Lucchino scoffed at the implication that he and the other Sox owners — John Henry and Tom Werner — do not “love” the game.
“One can be a little defensive when that kind of silliness is thrown about,” Lucchino said. “I’ve been in baseball for other 30 years. I walked away from a legal profession. And I’ve played the game my whole life. Here I am being defensive. I don’t want to do that. Listen, my career is what it is. And my love for the game is what it is. I’m not going to try to explain it to anyone. That’s another impression that comes from the book that’s a little misleading.”
Lucchino also took the opportunity to again deny that he and the other owners had anything to do with the Boston Globe story that embarrassed Francona after the 2011 season.
“There’s one other misconception in the book that I do know about that I would like to mention. And that is this erroneous notion that somehow we — John, Tom, myself, somebody in the ownership group — [were] responsible for slamming Tito on the way out by disclosing private, negative information about him. That just didn’t happen,” Lucchino said. “We’ve said it over and over. The reporter who wrote it acknowledged that to us. Terry Francona has said it. It’s a scurrilous kind of gossip that shouldn’t be credited. And I’m glad I have a chance to I hope put it to bed. ‘¦ It just is not true.”
Added Lucchino: “[Francona] doesn’t believe it was us. He personally has said that since the book has come out. As I said, oftentimes things get translated by Dan Shaughnessy. And we all know Dan is a distinctive kind of negative, wise-guy style. He’s not likely to win any prizes for American history. … I’ll take what Tito’s said recently as a better measurement of how he feels.”
On the Red Sox being predicted to finish at or near the bottom of the AL East: “I’m OK with that. My sense is that the expectations, or the prognosticators or the pundits, whatever, they are more often wrong than right. It’s a very complicated game, very difficult to project success. I can only point back to the last couple of years and the kind of success they predicted for us in 2011 and the catastrophe that it ended up being. So, I take it with a grain of salt. I kind of prefer being the underdog, being the scrappy, hard-charging team that people don’t expect much from. I think that’s maybe a bit of a competitive advantage. If we fall into that category, so be it. I just don’t think that these preseason guesses are likely to mean very much.”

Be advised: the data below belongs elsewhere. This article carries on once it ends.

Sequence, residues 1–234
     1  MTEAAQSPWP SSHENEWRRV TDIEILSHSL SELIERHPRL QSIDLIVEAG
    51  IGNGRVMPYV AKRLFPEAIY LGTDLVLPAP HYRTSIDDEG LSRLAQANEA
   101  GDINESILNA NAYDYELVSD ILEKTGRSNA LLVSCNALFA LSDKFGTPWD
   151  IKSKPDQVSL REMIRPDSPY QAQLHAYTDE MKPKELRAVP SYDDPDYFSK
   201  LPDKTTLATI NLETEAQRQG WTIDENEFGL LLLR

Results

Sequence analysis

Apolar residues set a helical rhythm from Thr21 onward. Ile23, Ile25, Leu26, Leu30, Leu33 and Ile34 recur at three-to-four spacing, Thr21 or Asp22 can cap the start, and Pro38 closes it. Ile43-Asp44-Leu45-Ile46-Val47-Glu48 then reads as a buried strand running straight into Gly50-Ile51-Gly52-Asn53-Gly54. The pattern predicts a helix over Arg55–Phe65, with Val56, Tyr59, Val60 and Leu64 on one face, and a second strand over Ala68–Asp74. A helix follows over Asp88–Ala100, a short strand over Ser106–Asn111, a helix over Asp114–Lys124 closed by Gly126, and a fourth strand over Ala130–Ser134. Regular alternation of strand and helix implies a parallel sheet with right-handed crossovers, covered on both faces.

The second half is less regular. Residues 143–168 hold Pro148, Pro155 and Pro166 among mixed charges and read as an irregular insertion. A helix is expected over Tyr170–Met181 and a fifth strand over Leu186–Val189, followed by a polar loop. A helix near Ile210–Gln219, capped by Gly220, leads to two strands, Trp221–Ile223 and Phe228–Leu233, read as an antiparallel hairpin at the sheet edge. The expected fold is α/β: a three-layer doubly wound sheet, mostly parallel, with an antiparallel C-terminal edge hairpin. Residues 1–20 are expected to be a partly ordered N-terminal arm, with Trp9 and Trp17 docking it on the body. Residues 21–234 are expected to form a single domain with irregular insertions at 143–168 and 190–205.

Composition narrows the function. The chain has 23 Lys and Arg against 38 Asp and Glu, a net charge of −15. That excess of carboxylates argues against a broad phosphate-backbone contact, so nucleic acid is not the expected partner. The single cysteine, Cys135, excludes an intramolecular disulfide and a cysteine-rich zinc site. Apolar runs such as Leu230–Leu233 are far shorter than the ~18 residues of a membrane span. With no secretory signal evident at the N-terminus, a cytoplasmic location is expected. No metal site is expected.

On David Ortiz being slowed by a heel injury: “I’m encouraged that he kept up with his rehab over the offseason. He’s had some agility drills that he’s demonstrated to our medical team, the current condition. And as long as he’s ready to go when the bell goes off on Opening Day, that’s good enough for me.”
On the team’s strategy regarding free agents, and in particular a player such as Josh Hamilton: “When it comes to Hamilton and any sort of large-ticket free agent, we have shifted our focus a bit, to be sure. We’ve been obvious about that, and I think I’ve spoken publicly about that. We are highly skeptical of long-term deals. I think the body of evidence in baseball over many, many years demonstrates the inefficiency of those things, and the ineffectiveness of those kind of contracts. So, we will be careful. But we will never exclude the possibility of some exceptions to the rule. I think we have to keep all avenues open. There was discussion about Hamilton. But when it became clear that it was likely to be a five-, six-, seven-year contract, we thought there was a better way to redeploy the money we had saved from similar long-term contracts.”